I don’t think that way. I don’t think there’s anything wrong with me or anything that needs to be fixed. When I’m going to therapy, I’m getting another perspective. I’m asking someone else to give me another perspective on how I’m looking at my life or my situation. And that is extremely valuable to me. You know, we would never hesitate calling an electrician to fix an electrical problem in our house. We would never hesitate to call a plumber to fix the plumbing in our house. Why do we hesitate so much? Or why do we feel this shame or embarrassment for asking for help around something that is us? You know what I mean? Like this is us and for some reason we feel so much shame and embarrassment for addressing issues that we’re dealing with when that’s so important and so critical to, to your happiness and well-being and living a life of joy and being at peace and having relationships.
And why would you not get that help and why would you ever stop asking for that help? I have friends that will go to therapy periodically, right? I wonder how beneficial that is. It’s almost like, I don’t know what it’s like, but I’m not really sure that’s helping. And I think that’s part of the reason that people do that, and you’re welcome to email me and telling me how wrong I am, but I think part of the reason that people go periodically is because they don’t enjoy the process. I guess as if you don’t enjoy that process, you’re probably not enjoying the process of other parts of your life. We are a culture in a society that is addicted to destination. We want to hack our way there. We want to shortcut our way to the final place.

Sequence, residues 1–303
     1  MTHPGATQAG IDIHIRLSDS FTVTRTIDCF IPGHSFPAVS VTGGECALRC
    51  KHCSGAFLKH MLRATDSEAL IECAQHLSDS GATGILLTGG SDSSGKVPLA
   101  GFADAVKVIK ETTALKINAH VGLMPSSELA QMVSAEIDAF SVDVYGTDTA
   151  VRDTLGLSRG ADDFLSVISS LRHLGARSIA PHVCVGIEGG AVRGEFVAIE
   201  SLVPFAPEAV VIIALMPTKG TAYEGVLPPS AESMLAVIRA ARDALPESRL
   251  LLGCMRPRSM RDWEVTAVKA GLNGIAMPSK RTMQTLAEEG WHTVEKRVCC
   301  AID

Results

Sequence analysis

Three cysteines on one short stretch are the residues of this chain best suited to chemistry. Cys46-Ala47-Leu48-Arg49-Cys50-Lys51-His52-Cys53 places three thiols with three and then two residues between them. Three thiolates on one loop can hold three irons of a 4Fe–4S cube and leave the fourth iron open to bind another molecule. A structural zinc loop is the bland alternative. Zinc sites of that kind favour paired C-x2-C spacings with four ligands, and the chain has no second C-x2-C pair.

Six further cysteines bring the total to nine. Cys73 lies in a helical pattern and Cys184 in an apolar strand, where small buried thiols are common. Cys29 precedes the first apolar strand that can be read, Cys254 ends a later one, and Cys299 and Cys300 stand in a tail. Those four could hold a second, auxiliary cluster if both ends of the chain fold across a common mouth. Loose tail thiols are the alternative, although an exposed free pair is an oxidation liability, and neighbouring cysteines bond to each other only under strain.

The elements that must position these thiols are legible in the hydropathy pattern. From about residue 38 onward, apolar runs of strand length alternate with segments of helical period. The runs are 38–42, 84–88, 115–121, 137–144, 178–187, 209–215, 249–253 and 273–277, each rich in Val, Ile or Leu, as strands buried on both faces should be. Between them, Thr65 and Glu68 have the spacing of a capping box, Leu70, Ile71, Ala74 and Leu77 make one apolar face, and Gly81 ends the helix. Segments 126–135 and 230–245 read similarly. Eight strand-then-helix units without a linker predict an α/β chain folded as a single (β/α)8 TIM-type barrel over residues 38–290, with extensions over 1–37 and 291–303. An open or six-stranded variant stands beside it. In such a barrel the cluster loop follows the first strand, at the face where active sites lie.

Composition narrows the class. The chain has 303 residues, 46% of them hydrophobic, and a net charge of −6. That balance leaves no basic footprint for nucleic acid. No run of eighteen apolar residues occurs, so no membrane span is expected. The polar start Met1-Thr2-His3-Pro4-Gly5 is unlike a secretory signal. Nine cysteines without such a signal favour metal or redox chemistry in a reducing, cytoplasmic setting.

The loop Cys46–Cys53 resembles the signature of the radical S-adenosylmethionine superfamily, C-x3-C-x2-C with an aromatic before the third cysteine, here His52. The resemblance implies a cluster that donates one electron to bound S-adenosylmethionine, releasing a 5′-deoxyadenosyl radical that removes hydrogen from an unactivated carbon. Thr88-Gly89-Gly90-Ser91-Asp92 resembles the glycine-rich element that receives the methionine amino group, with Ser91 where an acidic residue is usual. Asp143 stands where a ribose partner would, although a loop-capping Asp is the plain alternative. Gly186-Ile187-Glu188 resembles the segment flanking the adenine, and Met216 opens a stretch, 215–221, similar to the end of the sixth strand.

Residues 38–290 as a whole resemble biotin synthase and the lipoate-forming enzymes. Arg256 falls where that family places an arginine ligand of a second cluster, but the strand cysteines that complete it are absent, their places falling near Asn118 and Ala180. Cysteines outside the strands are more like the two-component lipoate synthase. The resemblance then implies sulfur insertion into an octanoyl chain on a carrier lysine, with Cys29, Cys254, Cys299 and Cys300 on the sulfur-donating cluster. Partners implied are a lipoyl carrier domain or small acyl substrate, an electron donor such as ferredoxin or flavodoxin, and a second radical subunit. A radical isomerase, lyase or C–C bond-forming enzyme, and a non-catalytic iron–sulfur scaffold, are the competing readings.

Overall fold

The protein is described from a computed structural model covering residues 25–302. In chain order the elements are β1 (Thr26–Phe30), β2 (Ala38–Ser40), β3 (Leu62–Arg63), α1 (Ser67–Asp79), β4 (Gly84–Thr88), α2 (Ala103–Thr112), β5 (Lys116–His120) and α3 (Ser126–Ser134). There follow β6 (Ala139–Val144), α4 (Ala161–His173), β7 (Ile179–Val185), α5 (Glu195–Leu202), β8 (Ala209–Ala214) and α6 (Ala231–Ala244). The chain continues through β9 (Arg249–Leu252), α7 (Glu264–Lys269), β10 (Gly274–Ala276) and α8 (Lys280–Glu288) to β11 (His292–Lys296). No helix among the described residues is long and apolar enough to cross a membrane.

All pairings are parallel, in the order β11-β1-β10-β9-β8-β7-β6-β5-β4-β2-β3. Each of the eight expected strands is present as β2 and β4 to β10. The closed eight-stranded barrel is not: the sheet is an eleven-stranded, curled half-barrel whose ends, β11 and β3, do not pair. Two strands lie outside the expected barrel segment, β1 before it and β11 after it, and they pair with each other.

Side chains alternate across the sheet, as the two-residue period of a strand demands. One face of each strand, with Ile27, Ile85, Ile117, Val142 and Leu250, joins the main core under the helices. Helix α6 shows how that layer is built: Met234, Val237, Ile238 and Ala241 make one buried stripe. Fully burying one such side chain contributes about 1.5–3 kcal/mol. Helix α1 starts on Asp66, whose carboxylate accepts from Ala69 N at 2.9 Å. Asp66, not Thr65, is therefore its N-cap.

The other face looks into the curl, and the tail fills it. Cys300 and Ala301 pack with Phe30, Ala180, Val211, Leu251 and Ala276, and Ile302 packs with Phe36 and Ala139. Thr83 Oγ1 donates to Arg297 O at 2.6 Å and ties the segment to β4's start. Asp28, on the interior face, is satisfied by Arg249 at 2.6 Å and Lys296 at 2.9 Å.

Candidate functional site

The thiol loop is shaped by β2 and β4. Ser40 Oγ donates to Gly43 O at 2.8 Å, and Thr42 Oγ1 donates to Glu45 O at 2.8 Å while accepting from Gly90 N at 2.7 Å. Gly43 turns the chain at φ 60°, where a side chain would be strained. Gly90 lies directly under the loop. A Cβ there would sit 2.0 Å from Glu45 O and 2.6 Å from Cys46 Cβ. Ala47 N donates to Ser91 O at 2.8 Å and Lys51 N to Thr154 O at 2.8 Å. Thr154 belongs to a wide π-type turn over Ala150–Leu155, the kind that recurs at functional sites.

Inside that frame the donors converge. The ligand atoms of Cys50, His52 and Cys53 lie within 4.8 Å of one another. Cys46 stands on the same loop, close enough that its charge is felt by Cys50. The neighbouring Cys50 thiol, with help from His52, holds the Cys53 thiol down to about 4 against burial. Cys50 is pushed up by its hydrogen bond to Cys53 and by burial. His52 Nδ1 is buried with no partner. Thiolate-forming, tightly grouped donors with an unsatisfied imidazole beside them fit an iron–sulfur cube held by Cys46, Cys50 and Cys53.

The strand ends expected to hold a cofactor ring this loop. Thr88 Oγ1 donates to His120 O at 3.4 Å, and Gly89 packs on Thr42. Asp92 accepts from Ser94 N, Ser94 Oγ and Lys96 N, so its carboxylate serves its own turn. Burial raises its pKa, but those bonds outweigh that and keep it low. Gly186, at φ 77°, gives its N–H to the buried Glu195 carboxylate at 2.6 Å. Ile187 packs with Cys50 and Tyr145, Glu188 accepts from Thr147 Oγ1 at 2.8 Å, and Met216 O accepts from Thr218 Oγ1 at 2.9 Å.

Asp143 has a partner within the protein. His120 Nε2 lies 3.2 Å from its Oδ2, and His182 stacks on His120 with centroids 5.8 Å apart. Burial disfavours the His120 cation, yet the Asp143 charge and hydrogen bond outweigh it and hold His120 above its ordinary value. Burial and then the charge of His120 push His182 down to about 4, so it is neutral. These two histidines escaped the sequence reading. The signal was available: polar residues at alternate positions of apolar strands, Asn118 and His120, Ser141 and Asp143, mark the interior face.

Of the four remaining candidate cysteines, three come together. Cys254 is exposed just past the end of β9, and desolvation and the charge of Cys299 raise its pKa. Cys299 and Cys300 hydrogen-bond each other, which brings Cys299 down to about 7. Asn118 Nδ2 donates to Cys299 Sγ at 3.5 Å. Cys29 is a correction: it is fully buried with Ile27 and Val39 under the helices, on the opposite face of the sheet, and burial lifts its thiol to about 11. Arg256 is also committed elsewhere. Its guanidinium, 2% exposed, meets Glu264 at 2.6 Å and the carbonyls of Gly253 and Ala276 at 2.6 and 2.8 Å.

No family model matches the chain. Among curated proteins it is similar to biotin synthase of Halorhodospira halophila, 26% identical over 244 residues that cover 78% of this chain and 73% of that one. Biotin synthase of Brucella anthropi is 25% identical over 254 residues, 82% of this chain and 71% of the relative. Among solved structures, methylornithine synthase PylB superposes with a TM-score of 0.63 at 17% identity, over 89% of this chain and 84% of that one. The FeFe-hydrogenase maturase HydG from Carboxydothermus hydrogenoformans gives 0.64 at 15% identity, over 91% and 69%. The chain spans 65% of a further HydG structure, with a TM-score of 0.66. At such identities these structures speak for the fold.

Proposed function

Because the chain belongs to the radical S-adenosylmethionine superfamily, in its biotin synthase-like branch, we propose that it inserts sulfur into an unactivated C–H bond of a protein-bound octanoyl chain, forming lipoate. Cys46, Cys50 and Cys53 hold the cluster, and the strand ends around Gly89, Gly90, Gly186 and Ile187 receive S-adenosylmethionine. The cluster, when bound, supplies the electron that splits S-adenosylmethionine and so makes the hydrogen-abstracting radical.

We want to go from A to Z and screw B and C and D and every other letter in-between. And I’m listening, this is this, I’m the master of wanting to hack my way to point Z or a move to point Z. But the point I want to make to you is that, therapy, your personal development, it is a process and by going periodically and periodically checking in, I don’t know that you’re reaping all the benefits that you could be reaping if you just stuck with the process and kept going and kept talking. Because you never really know when those, that out of alignment feeling is gonna hit you or are there things going on in your life that you need specific help with? Maybe if we stuck to the process, we wouldn’t have such extreme highs or extreme lows. And so I’m suggesting to you that I don’t think you’re ever going to stop therapy if you’re in it, at least I don’t think it’s a good idea.